A further 345 lives have been lost to Covid-19, bringing the UK’s death toll to 122,415, the government has announced.

There were 8,523 confirmed new cases of the virus in 24 hours, latest figures show.

The daily death toll remains high, although the number of new infections has fallen sharply since the start of 2021.

It is now estimated that one in 145 people in the community have the virus in England, alongside one in 205 in Wales, one in 195 in Northern Ireland and one in 225 in Scotland.

At the start of the year it was estimated that one in 50 would test positive for Covid-19 in England.

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The UK’s R rate is now thought to be as low as 0.6

The number of daily deaths is also falling, with experts optimistic that lockdown and the vaccine rollout is saving lives.

A week ago 533 fatalities were announced, while a fortnight ago there were 758.

A month ago, on January 26, 1,631 Covid deaths were confirmed by the Department of Health.

Earlier today health authorities confirmed 352 Covid patients had died in UK hospitals.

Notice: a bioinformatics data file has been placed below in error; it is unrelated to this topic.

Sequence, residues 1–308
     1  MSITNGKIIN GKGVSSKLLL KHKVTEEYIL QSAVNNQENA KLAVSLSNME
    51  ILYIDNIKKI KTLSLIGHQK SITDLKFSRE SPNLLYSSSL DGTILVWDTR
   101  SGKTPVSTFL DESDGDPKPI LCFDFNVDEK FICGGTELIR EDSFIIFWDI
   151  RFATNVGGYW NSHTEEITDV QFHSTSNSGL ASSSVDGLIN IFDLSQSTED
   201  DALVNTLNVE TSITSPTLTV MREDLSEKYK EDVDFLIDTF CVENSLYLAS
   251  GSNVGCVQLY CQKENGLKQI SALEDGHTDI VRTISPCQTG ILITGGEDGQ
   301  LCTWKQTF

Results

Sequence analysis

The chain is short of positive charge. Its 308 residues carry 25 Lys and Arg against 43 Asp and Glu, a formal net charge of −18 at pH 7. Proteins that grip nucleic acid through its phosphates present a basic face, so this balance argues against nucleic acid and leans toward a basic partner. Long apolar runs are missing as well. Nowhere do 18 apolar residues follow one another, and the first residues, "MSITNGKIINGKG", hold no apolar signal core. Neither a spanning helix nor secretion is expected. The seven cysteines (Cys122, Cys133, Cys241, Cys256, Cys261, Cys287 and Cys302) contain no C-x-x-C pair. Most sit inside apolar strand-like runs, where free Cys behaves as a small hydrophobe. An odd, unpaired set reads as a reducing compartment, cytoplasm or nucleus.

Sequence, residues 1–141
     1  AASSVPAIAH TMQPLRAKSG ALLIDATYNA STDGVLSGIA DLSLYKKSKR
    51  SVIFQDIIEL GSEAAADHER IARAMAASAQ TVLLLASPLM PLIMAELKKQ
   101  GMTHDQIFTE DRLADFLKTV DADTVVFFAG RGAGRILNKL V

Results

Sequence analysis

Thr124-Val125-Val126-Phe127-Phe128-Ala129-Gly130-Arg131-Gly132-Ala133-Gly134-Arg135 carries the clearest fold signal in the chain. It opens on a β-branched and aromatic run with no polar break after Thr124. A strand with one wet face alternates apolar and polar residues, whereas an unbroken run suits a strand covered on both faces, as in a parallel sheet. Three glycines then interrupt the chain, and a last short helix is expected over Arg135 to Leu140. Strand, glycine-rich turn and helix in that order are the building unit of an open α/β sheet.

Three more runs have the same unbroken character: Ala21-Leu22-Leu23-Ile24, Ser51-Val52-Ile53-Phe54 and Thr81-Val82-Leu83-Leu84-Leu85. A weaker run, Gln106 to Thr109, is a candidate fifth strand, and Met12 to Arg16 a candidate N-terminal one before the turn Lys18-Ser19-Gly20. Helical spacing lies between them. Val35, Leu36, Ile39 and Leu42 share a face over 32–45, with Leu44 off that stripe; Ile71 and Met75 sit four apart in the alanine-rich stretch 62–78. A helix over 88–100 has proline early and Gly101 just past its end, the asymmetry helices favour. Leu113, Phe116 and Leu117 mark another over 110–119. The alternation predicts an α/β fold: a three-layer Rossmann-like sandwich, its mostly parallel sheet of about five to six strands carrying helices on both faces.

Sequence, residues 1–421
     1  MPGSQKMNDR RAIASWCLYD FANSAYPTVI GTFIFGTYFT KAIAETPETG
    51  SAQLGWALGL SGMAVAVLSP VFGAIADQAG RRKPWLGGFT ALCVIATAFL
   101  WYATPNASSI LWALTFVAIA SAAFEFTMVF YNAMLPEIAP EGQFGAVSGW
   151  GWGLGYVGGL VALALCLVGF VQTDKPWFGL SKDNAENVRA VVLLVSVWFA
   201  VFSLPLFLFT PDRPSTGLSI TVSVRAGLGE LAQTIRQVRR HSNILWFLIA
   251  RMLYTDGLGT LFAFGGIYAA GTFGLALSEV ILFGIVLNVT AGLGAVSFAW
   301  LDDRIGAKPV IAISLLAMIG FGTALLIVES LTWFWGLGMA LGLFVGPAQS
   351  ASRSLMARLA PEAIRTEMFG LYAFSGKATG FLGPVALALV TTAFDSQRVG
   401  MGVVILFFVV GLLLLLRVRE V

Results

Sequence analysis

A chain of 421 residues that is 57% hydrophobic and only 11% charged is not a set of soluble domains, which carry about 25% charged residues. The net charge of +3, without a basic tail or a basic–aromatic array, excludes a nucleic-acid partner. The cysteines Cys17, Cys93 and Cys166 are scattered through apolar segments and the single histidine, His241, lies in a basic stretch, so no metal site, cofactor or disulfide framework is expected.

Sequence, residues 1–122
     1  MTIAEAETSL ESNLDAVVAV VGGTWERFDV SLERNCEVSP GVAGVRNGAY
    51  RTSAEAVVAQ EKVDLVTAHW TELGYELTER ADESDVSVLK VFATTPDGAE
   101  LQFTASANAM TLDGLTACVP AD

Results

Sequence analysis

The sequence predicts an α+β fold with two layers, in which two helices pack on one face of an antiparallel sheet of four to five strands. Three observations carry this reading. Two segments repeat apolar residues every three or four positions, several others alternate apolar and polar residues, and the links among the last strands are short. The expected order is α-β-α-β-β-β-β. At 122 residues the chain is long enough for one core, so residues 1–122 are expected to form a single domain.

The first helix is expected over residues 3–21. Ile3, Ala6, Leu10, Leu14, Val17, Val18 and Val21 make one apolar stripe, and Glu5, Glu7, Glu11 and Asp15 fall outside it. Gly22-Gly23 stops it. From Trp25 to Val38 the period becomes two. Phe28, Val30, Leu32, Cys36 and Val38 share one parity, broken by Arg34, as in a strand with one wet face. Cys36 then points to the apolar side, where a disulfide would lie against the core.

NHS England reported another 307 deaths, Scotland reported 27 deaths, there were another 16 deaths in Wales, and two more deaths in Northern Ireland.

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Earlier today the Mirror reported that Bradford, Peterborough and Bury are projected to be England’s Covid hotspots when the lockdown easing starts in just over a week.

New research suggests many of the worst-affected areas will be in Yorkshire & Humber and the East Midlands when schools reopen on March 8, the first step towards reopening the country.

Kirklees, Wakefield, Corby, Rutland and Leicester are also predicted to have some of the highest rates in England, behind Bradford, Peterborough and Bury, while rates in the South are lower.

Infection rates were still high in parts of the North and Midlands when the first lockdown was eased last summer, triggering a spike in cases in places such as Leicester and Liverpool, and a series of local lockdowns that led to the tier system being imposed.

Behind the scenes at University Hospital Southampton during the second wave of the Covid-19 pandemic

The UK’s death rate has fallen significantly since the start of the year, but still remains high (file image)
(Image: Adam Gerrard / Sunday Mirror)

The UK’s coronavirus reproduction (R) number could still be as low as 0.6, according to the Government’s latest estimate.

The number of new infections is shrinking by up to six per cent every day as tough lockdown measures remain in place across the country.

The latest R estimate for the whole of the UK is between 0.6 and 0.9 – unchanged from last week – and the growth rate estimate for the UK is now between -6% and -2%.

An R value between 0.6 and 0.9 means that, on average, every 10 people infected will infect between six and nine other people.

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